Based on the example shown in FIGS. 1A-5, those skilled in the art will appreciate that the waveguide 115 and other components thereof may have segments and arms, and electrical contacts 120 adjacent the waveguide 115. You will be able to expect a wide variety of arrangements. For example, any of the waveguide configurations of FIGS. 3-5 may be used to form one or more arms in the waveguide 115 configuration similar to that depicted in FIG. 2.

Modulator 110 may include other components that facilitate the operation of the device. For example, as shown in FIGS. 1B and 5, the modulator 110 may further include an insulating layer 160 over the waveguide 115 and the electrical contacts 120. In some embodiments, insulating layer 160 may form part of an optical cladding for waveguide 115. For example, when the waveguide comprises silicon, the insulating layer 160 may be a silicon oxide layer having a thickness 162 in the range of about 0.2 to 2 microns.

As another example, as also shown in FIGS. 1B and 5, the substrate 105 may include an intermediate insulating layer 165. The intermediate insulating layer 165 of the substrate 105 may also form part of the optical cladding. For example, when the waveguide 115 is formed from a portion of the upper silicon layer 167 of the substrate 105, the lower insulating layer 165 may be a silicon oxide layer of a silicon-on-insulator (SOI) substrate. . FIG. 1B shows the upper silicon layer 167 with some removed as part of forming the waveguide 115 and contact 120 structures.

As further illustrated in FIGS. 1A and 1B, the modulator 110 may include electrodes 170, 172 (eg, copper) configured to transmit a drive signal 140 to the electrical contacts 120. Electrode vias filled with a metal of gold, gold or aluminum. To assist in transmitting the drive signal 140, the electrodes 170, 172 may directly touch the electrical contacts 140. For example, in the embodiment shown in FIG. 1B, the first electrode 170 and the second electrode 172 are the first anode 142 (eg, an anode ohmic contact) and the first electrode. It penetrates through insulating layer 160 to directly touch cathode 144 (eg, cathode ohmic contacts), respectively. In other cases, however, the electrodes 170, 172 may not directly touch the electrical contacts 120. For example, in some cases, electrodes 170 and 172 overlie top surface 174 of insulating layer 160. In that case, it may be desirable for the thickness 162 of the insulating layer 160 to be less than about 0.5 microns so that the potential 140 is efficiently transferred from the electrodes 170, 172 to the electrical contacts 120.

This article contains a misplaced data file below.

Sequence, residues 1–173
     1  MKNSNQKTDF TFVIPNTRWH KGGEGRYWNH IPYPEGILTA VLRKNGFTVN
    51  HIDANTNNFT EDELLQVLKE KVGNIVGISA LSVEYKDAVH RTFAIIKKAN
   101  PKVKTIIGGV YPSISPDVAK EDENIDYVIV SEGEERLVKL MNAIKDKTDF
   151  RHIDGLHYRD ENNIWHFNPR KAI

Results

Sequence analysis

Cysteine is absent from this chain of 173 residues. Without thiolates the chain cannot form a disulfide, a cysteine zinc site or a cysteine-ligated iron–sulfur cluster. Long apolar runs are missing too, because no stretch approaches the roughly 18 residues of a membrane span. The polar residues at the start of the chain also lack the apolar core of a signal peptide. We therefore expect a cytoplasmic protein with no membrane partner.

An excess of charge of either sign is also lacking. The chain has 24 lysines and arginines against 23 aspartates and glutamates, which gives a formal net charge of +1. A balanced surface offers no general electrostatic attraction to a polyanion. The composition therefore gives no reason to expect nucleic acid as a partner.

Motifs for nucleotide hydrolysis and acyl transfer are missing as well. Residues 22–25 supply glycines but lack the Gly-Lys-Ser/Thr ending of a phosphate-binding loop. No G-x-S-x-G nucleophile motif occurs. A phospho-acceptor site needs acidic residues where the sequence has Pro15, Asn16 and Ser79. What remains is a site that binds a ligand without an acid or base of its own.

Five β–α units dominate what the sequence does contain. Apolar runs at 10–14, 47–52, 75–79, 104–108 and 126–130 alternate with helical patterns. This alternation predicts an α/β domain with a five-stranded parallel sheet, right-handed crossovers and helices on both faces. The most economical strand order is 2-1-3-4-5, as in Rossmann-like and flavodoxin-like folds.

Device 102 may include components that facilitate its operation. For example, as shown in FIG. 1A, the device may include one or more ground lines 180 and one or more conductive lines 182 (eg, a hot line). In order to facilitate the transmission of the driving signal 140 to the electrical contacts 120, the ground line 180 and the conductive line 182 may be physically connected to one or more electrodes 170 and 172.

FIG. 6 shows a block diagram of an exemplary device 100 of the present disclosure that includes one embodiment of the electro-optical device 102 (FIGS. 1A-5) described above. In some cases, the electro-optical device 102 is or corresponds to a portion of a telecommunication transceiver in the device 100 configured as a telecommunication system. Device 102 may include electrical and optical waveguide components 610 and 615. For example, active electronic components 610 are transimpedance amplifiers that are application specific integrated circuits adapted for use in transistors, field-programmable arrays, RF amplifiers, or transceivers. It may include. Optical waveguide components 615 are an all-optic modulator comprising a thermo-optic filter, at least one of the disclosed modulators 110 (FIGS. 1A-5), and each other and active electronic components. It may include a photo detector coupled to 610.

Those skilled in the art will be familiar with the manner in which the electron optical waveguide components 610, 615 of the device 102 can be configured to operate as an optical transceiver. At least some of the active electronic components 610 are electrically coupled with at least some of the optical waveguide components 615 such that the electro-optical device 102 is implemented as a transceiver in the device 100 configured as a telecommunication system, for example. Can be. In some preferred embodiments, the electro-optical device 102 is configured to use wavelength division multiplexing such that multiple information signals (eg, signals in the form of different optical wavelengths) can be transmitted simultaneously through the device 102. do.